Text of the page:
Formed during the Cajun revival of the 1970s, BeauSoleil and its founder, fiddler Michael Doucet, are among Louisiana’s most prominent ambassadors of Cajun music and culture. The band is particularly known and respected for emphasizing a wide range of Cajun musical traditions. Never content to recreate precise historical renderings of traditional Cajun music, BeauSoleil highlights the music’s inherent adaptability by incorporating elements of zydeco, blues, swamp pop, traditional New Orleans jazz, calypso, country, western swing, and rock and roll. Having recorded more than two dozen albums, BeauSoleil has received eleven nominations and two Grammy awards.

The band’s unique combination of musical innovation and tradition reflect Doucet’s own instincts and previous experiences. His apprenticeships with Dennis McGee, a Cajun fiddler heavily influenced by French musical traditions, and Canray Fontenot, a Creole musician who incorporated elements of Afro-Caribbean culture, proved particularly influential. For Doucet, musical traditions were dynamic rather than static; he understood that folk music had absorbed multiple influences over centuries and believed it must continue to do so in order to remain alive and relevant. “Everything I play I learned from Louisiana,” he told Fiddler Magazine interviewer Niles Hokkanen. “I went back in time—not only to French music, but to blues, jazz, popular music, Irish music, whatever was there. As more old records are brought to light, you can see those influences and what a hotbed Louisiana was … so, my influences are the spectrum of Louisiana music.”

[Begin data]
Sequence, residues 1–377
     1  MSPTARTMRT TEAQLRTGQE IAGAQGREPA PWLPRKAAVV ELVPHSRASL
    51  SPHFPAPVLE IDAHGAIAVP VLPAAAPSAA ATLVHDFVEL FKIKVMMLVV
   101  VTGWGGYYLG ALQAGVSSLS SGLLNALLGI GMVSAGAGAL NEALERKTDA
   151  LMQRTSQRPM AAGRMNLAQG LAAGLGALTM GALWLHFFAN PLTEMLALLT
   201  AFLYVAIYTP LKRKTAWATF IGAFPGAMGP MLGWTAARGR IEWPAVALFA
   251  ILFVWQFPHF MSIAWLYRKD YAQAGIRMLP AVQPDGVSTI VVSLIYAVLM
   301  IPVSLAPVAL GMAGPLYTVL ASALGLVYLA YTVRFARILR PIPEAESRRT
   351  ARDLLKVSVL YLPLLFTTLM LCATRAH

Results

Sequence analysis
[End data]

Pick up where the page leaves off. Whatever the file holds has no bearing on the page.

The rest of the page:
The band’s studio output slowed considerably in the first decade of the twenty-first century, but BeauSoleil is still regarded as “an American institution,” as musician/music journalist James Christopher Monger observed in a review of their 2009 Grammy-nominated release, Alligator Purse. Numerous organizations have also honored Doucet’s contribution to traditional Cajun music.